Conversely, treatment of some disorders —for instance, hypercholesterolemia —might involve enhancing the transcription of selected genes. Hypercholesterolemia increases a person's risk for heart disease. Cholesterol accumulates to destructive levels in the blood when low-density lipoprotein (LDL), otherwise known as the bad cholesterol, is not removed efficiently. In theory, the disease could be corrected by turning up transcription of the gene for the LDL receptor in liver cells. This receptor helps to clear LDL from the blood. This idea may soon be testable, because studies by Michael S. Brown and Joseph L. Goldstein of the University of Texas Health Science Center at Dallas are teasing apart the specific molecular constituents of the apparatus that regulates transcription of the receptor gene.
Until recently, no one put much effort into screening small molecules, natural products or other compounds for their ability to modulate transcription. Even so, a number of drugs already on the market have been found by chance to work by altering the activity of transcription factors. One of these, RU 486 (the French "abortion" pill), represses the function of particular steroid receptors, a class of activators that direct embryonic development. Similarly, the immunosuppressants cyclosporine and FK506 suppress transcription of a gene whose protein product is needed by certain cells of the immune system. These drugs act indirectly, however. They activate an enzyme that impedes the functioning of a transcription factor for the gene.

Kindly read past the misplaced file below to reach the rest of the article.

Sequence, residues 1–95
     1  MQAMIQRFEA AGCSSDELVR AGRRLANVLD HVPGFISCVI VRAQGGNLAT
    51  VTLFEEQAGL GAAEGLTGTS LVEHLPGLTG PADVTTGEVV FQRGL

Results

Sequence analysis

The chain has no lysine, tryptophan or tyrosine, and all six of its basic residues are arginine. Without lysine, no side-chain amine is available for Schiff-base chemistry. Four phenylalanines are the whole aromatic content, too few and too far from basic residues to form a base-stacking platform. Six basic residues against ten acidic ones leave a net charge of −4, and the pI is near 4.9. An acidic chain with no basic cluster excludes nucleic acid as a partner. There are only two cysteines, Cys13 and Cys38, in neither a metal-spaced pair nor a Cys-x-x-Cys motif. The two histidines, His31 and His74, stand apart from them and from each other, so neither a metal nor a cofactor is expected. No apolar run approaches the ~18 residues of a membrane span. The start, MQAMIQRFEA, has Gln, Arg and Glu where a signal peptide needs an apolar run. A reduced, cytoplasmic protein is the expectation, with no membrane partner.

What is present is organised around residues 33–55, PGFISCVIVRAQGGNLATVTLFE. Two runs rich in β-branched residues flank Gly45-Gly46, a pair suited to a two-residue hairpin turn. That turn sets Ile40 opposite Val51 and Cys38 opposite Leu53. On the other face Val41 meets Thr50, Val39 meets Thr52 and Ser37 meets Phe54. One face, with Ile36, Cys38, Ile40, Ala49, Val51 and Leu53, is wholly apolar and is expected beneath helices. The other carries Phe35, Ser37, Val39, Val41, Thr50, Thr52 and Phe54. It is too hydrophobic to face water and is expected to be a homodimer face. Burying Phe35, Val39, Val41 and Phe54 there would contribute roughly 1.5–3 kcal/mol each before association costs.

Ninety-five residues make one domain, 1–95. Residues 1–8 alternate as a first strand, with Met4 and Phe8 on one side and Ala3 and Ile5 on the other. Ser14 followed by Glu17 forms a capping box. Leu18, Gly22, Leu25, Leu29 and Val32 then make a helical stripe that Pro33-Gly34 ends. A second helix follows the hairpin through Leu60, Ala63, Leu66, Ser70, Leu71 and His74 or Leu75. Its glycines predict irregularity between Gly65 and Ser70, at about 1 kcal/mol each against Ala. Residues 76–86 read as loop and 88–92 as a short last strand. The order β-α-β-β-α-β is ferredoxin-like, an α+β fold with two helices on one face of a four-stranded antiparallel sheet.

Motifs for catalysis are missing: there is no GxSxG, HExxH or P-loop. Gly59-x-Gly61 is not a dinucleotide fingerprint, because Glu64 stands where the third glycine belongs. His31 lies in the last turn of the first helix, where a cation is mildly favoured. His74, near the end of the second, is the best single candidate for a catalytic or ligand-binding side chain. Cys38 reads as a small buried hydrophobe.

As time goes by, the precise combination of transcription factors that regulate individual genes is sure to be identi fied. And drug developers will probably use this information to devise sophisticated compounds for fighting cancer, heart disease, immune disorders, viral infections, Alzheimer's disease and perhaps even the aging process. How well these agents will succeed is anybody's guess, but it is likely that therapies of the future will benefit in one way or another from basic research into transcription—research that began not out of a wish to design drugs but rather out of a simple desire to get to the heart of the molecular machinery that controls the activity of our genes.